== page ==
Bilingualism and Special Needs

November 7, 2016 | Blog, Education

Millie Slavidou is a British writer and translator living and working in Greece. She writes about etymology on Jump! Mag and has published fiction for kids with Jump! Books. She writes the books she would like to have read as a child. She writes here about her own experiences as the mother of a bilingual child.

Parents of children with special needs frequently find they need to grow a thick skin to deal with all the ignorance and comments directed at them, and this is especially true in a bilingual family. As a mother of a child with special needs myself, bringing him up in a bilingual family has been a challenge. I have been accused of deliberately trying to sabotage his development by speaking my own language to him!

Overcoming negativity

Even health care professionals can be incredibly negative about bilingualism, and it is very common for speech and language therapists to advise parents to use only one language at home. On one memorable occasion, my son’s caseworker at the Centre for Mental Health told me that she would refuse to refer my son for speech therapy if I insisted on speaking a second language to him. “Speech and language therapy,” she declared, “can only be done in one language.” Of course, I requested a new caseworker. Child psychologists are also frequently known to be against the idea of speaking more than one language at home.


So why do I persist in doing so? Well, there is no reason not to speak two languages to a person who happens to have special needs.

Benefits to speaking two languages

International studies have shown only benefits and not drawbacks to the use of two languages, and children with various conditions, such as Down’s syndrome, autism, and developmental and cognitive delays have been shown to be able to cope with more than one language. Not only do they cope, but research suggests that the stimulation offered by a second language can help children with special needs to function better. They are not learning them as foreign languages, which is a very different matter, but being brought up speaking both from birth.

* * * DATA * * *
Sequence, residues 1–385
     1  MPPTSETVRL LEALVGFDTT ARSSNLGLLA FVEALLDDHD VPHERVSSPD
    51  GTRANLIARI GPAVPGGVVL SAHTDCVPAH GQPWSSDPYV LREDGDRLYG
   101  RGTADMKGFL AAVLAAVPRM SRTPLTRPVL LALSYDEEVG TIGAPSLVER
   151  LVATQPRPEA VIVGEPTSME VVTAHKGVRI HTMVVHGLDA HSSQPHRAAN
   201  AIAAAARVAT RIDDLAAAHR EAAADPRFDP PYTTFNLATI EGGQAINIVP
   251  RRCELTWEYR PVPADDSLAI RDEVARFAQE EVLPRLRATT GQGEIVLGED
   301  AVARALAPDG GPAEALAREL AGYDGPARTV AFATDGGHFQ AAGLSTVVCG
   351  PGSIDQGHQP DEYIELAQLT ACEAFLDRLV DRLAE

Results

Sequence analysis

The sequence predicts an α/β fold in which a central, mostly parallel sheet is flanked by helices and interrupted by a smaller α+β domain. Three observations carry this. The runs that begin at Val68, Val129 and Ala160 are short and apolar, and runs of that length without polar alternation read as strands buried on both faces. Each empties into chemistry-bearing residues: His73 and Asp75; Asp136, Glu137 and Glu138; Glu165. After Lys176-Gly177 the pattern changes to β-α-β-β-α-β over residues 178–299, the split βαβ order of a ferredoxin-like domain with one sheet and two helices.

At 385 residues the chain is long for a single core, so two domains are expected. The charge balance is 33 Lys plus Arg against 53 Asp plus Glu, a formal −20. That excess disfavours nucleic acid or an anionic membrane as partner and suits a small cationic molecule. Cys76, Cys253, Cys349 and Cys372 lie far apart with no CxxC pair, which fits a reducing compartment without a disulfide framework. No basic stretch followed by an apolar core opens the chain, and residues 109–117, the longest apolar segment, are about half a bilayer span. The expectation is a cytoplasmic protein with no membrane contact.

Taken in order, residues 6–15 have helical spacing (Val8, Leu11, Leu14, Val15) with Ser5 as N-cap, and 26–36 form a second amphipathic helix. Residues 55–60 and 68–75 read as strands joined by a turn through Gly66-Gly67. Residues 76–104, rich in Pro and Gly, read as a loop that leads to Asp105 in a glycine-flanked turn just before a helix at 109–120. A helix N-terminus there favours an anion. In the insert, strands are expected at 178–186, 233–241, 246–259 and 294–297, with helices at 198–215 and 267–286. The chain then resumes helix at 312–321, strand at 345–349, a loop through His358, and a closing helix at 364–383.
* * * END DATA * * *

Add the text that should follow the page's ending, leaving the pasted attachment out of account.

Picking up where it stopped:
If this is the case, you might wonder, then why the negativity from professionals towards bilingualism? Such matters are rarely simple. Firstly, research does not always reach the people on the ground for a long time after it has been carried out, and some professionals may have studied and been trained at a time when it was standard practice to discourage bilingualism.


Secondly, those people may have little experience of bilingualism themselves, and unfortunately, they may extrapolate from their monolingual difficulties in learning a foreign language as an adult and apply that to the very different situation of bilingualism from birth – two native tongues.


Many researchers have suggested that bilingualism may even boost the cognitive abilities of children with learning disabilities and cognitive delays. So why would I limit and restrict my child by depriving him of one of his languages?


Interestingly, although in our own case my son has a limited active vocabulary, the words that he does use are words for the same thing in either language, which means that both his languages are progressing at the same rate. The same is true of his passive vocabulary, the things that he understands and responds to but does not actively use himself are the same things in both languages.

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